We need an explanation as to what authority DD exerts over the decision makers at the club. The courtesy of attending the odd AGM or two would be a start!
Step 13 – Lobbying of Sky TV, ESPN for fairer distribution of TV money and working with other SPL clubs for a better league structure
As part of the points above we should ONLY be focussed upon creating a product that the majority of paying customers at Celtic want. This past week has shown the worst that football on TV produces with a 6pm EL kick off time. I am lucky and can accommodate this. For thousands of fans, attending on Thursday night was a non-starter.
Domestically there is the TV deal and league structure. It dismayed me that we were in favour of a top 10 last season, a size of league 86% of Scottish fans don’t want. We are also half of the reason TV invests in Scotland, but as a proportion of our revenue, TV is poor. We therefore have the unusual luxury of being able to be more militant about demanding a better deal for the fans. Most importantly than that, a proper league structure and decent TV deal which organises things to suit the fans who pay to attend will only help the clubs – how much better is our atmosphere when we play at the same time as Rangers?
Step 14 – Complete overhaul of Celtic Park facilities to improve stadium generated revenues.
Another big irritation of mine is the fact that we have virtually stood still since Fergus implemented his plans for Celtic Park. I have written on the site before (and so won’t bore you) about how every game at Celtic Park needs to be turned into an “event”, anyone who has attended test match cricket will know what I’m talking about – we need to get as much going on around Celtic Park on match days to get people early and spending their money on Celtic things.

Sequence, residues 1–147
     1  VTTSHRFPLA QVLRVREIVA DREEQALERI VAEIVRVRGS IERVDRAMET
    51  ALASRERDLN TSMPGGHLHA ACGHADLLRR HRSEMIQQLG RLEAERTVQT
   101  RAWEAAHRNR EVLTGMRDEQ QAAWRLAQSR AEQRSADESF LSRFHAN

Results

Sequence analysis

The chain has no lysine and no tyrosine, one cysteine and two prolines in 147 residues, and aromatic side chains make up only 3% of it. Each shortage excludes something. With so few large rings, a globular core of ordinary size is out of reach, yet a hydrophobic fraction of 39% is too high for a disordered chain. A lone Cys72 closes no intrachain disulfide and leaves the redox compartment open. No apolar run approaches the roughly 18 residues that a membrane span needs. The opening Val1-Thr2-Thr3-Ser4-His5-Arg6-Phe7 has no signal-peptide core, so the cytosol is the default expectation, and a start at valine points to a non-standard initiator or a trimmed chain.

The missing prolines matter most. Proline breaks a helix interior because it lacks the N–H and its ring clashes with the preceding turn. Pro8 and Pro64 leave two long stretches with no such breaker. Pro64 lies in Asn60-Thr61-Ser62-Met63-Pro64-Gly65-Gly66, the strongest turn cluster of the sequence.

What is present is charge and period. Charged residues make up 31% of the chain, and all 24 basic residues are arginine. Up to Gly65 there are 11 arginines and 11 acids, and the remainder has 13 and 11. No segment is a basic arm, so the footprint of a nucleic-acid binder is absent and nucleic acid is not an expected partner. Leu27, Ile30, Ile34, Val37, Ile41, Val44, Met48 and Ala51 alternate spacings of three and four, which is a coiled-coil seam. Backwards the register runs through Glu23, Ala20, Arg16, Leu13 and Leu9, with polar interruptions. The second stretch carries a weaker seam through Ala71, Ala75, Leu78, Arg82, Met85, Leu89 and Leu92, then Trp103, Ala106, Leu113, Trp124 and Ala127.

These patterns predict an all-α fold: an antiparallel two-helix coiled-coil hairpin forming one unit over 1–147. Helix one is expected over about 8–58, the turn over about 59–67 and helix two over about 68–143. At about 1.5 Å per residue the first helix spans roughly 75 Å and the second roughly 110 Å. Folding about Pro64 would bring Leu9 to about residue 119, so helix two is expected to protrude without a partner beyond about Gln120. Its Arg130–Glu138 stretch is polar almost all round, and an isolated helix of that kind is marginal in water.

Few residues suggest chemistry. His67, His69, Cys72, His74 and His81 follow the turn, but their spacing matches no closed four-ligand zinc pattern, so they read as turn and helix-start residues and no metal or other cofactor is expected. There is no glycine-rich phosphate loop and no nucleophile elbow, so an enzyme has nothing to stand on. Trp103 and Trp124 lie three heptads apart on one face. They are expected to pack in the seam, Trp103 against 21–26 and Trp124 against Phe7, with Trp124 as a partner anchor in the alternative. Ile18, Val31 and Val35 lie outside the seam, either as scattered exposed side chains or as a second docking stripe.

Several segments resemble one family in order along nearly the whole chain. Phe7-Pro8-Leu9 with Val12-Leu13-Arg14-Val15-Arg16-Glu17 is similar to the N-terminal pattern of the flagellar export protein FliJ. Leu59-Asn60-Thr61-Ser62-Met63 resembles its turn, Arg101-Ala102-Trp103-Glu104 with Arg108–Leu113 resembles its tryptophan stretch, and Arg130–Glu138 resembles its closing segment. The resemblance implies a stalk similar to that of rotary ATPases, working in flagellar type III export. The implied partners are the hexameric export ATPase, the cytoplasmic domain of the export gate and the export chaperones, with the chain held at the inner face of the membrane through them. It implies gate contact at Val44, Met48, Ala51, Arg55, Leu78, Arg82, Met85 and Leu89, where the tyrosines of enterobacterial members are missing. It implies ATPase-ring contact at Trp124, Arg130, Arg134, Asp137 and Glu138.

I have for a long time advocated some simple refreshment stands outside the ground – basically one big shed with a long serving counter and cover, with screens at one side showing games. People are hanging about in town before games so why not give them a reason to get along to Celtic Park and spend money there. In the summer I went past Eastlands and noticed that they had the very same thing. Very simple and relatively cheap.
I also don’t understand why there is not more around CP to get the fans there on the 13 days between home games. I recently met a business colleague at CP prior to moving on to the meeting in one car. Afterwards we searched around for an appropriate place for a de-brief. As two Celtic fans, we would have been delighted to have a meeting in the Celtic “Legends Coffee Shop” but it’s not there.
As I have said earlier, this article is long enough and designed as an outline – I could go on and on with this section but I’m sure you get the point.
Step 15 – A Fan owned club through a membership scheme
All of the above a doable by the current board, but there is one thing which I think is imperative but would require those fans who want it to happen to stand up and be counted – For Celtic fans, existing shareholders big and small AND the current board to work together to achieve a remarkable common aim. It would need very robust systems and processes to ensure that only appropriate individuals are running the club after change over, but I believe it could be done.